GITM is a 3-dimensional spherical code that models the Earth's thermosphere and ionosphere system using a stretched grid in latitude and altitude. The number of grid points in each direction can be specified, so the resolution is extremely flexible. GITM explicitly solves for the neutral densities of O, O2, N(2D), N(2P), N(4S), N2, and NO; and ion species O+(4S), O+(2D), O+(2P), O2+, N+, N2+, and NO+. One major difference between GITM and other thermosphere codes is the use of an altitude grid instead of a pressure grid. The vertical grid spacing is less than 3 km in the lower thermosphere, and over 10 km in the upper thermosphere. GITM allows for non-hydrostatic solutions to develop (i.e., the full vertical momentum equation is solved), so more realistic dynamics in the auroral zone can be simulated.
GITM includes a modern advection solver and realistic source terms for the continuity, momentum, and energy equations. Each neutral species has a separate vertical velocity, with coupling of the velocities through a frictional term. The ion momentum equation is solved for assuming steady state, taking into account the pressure, gravity, neutral winds, and external electric fields. GITM is coupled to a large number of models of the high-latitude ionospheric electrodynamics, for example, the assimilative mapping of ionospheric electrodynamics (AMIE) technique, Weimer, Foster, Heppner and Maynard or Ridley et al. electrodynamic potential patterns. The initial state can be set in three different ways: (1) using an ideal atmosphere, where the user inputs the densities and temperature at the bottom of the atmosphere; (2) using MSIS and IRI; and (3) restarting from a previous run. For the automated CCMC runs on request system, Weimer05 is used to specify high latitude electric potential, Fuller-Rowell and Evans  is used to specify the aurora, and MSIS and IRI are used to set the initial state. GITM currently hosted at CCMC covers all latitudes and a vertical range from about 90 km to 600 km. The latitude resolution is 2.5º, and longitude resolution is 5º.
F10.7 (10.7 cm solar radio flux): data can be found at CCMC data generation pages or ftp://ftp.ngdc.noaa.gov/STP/SOLAR_DATA/SOLAR_RADIO/FLUX Hemispheric Power Index (HPI): data can be found at http://www.sec.noaa.gov/ftpdir/lists/hpi Interplanetary Magnetic Field Solar wind velocity Solar irradiance (for event runs): data can be found at http://lasp.colorado.edu/lisird/fism/?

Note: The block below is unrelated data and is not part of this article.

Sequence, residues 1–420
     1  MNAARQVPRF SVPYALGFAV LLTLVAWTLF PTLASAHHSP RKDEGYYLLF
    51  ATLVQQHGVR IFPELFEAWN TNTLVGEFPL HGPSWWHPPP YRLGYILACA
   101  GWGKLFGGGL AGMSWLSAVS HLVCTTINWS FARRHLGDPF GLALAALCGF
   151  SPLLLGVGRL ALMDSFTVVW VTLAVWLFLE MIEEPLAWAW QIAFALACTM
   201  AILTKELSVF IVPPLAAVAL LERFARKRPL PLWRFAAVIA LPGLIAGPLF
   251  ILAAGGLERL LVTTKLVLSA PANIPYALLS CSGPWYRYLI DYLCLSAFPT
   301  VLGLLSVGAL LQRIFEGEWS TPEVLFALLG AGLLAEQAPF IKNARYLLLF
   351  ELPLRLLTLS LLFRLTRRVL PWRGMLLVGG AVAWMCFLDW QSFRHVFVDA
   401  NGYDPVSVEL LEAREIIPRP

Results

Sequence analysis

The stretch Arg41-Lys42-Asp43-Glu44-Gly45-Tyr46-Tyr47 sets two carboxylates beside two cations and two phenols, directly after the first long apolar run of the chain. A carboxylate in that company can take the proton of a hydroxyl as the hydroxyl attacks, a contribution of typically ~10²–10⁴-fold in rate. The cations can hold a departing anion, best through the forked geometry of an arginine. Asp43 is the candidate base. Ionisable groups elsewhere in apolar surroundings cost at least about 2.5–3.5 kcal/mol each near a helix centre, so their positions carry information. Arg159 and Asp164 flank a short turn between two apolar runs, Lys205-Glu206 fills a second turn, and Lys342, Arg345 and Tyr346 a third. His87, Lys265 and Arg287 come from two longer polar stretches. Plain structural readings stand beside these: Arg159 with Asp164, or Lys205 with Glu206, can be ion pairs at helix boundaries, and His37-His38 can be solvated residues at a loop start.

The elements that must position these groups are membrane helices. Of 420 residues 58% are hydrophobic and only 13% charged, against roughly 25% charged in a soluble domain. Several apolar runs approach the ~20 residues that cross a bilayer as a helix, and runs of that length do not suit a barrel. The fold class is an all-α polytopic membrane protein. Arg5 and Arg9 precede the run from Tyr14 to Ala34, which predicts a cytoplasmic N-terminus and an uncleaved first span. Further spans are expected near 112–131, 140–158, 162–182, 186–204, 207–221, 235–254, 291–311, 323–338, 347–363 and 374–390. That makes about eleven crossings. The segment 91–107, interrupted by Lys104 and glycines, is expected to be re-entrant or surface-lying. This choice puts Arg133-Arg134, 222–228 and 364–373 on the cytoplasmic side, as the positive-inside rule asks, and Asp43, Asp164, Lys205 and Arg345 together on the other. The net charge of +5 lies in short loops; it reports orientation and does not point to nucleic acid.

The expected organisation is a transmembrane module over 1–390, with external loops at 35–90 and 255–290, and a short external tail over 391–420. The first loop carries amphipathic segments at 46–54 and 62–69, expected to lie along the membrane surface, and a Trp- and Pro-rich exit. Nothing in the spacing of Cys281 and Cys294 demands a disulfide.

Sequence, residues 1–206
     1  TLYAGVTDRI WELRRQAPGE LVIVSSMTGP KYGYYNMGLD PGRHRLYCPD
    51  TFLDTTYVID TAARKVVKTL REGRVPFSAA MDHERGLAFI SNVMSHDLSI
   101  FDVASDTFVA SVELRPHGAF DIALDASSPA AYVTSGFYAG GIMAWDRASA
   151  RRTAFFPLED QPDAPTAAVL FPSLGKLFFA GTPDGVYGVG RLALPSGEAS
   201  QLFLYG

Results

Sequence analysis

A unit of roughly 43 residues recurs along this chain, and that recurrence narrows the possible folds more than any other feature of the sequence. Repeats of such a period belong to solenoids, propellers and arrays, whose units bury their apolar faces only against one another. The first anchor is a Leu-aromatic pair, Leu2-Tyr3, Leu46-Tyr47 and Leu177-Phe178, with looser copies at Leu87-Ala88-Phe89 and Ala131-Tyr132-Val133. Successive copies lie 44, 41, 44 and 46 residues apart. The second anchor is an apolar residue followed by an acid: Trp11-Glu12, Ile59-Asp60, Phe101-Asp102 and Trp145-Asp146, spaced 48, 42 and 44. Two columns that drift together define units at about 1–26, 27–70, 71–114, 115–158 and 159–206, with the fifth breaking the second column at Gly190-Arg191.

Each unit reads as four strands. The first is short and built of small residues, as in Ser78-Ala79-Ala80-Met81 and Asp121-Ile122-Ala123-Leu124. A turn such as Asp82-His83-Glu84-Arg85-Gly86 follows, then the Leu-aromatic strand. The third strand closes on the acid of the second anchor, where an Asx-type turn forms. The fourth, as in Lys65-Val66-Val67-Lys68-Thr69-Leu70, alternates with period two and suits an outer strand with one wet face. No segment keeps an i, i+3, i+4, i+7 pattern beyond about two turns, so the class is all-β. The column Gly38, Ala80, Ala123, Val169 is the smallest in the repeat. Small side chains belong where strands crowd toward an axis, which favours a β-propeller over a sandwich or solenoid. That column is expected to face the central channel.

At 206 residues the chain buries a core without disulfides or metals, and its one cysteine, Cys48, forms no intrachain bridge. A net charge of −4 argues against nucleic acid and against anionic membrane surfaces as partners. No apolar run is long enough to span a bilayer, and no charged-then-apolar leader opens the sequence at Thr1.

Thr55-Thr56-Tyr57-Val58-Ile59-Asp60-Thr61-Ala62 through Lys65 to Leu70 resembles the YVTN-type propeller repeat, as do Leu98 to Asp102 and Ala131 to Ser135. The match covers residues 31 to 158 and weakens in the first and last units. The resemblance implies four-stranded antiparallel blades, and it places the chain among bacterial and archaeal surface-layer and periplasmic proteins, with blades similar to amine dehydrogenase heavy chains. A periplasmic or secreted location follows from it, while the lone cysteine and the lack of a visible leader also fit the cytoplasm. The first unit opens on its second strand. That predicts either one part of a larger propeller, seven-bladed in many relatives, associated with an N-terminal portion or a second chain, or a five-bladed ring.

Temperatures: neutral, ion, electron (K) Neutral winds: zonal, meridional, vertical (m/s) Plasma velocities: zonal, meridional, vertical (m/s) Neutral mass density (kg/m3) Number densities: neutral (O, O2, N(2D), N(2P), N(4S), N2, and NO), ion (O+(4S), O+(2D), O+(2P), O2+, N+, N2+, and NO+), and electron (m-3)
- Global Ionosphere
Space Weather Impacts
- Ionosphere variability (navigation, communications)
- Atmosphere variability (satellite/debris drag)
- Variablility of Plasma Density
- Atmosphere Expansion
- Neutral Composition Change
- Neutral Wind Change
- Ion Drift Velocity
- Equatorial Anomaly
- Traveling Ionospheric Disturbances
- Traveling Atmospheric Disturbances
- Ridley, A. J., Y. Deng, and G. Toth., 2006, The Global Ionosphere-Thermosphere Model (GITM). J. Atmos. Solar-Terrestr. Phys. 68, 839-864.
- Bilitza, D., 2001, International reference ionosphere 2000, Radio Science 36, 261.
- Ridley, A., Crowley, G., Freitas, C., 2000, An empirical model of the ionospheric electric potential, Geophysics Research Letters 27, 3675.
- Weimer, D., 1996, A flexible, IMF dependent model of high- latitude electric potential having space weather applications, Geophysics Research Letters 23, 254.
- Weimer, D. R.: Improved ionospheric electrodynamic models and application to calculating Joule heating rates, J. Geophys. Res., 110, 05 306, doi:10.1029/2004JA010884, 2005.
- Richmond, A., 1995, Ionospheric electrodynamics using magnetic apex coordinates, J. Geomagn. Geo-electr. 47, 191.
- Hedin, A., 1991, Extension of the MSIS thermosphere model into the middle and lower atmosphere, Journal of Geophysical Research 96, 1159.
- Heppner, J., Maynard, N., 1987, Empirical high-latitude electric field models, Journal of Geophysical Research 92, 4467.
- Foster, J., 1983, An empirical electric field model derived from Chatanika radar data, Journal of Geophysical Research 90, 981.
- Fuller-Rowell, T. and Evans, D.: Height-integrated Pedersen and Hall conductivity patterns inferred from TIROS-NOAA satellite data, J. Geophys. Res., 92, 7606, 1987.
- Aaron Ridley, CSEM (Model Developer)
- Katherine Garcia-Sage, NASA/GSFC (CCMC Model Host)
- Jia Yue, NASA/GSFC (CCMC Model Host)
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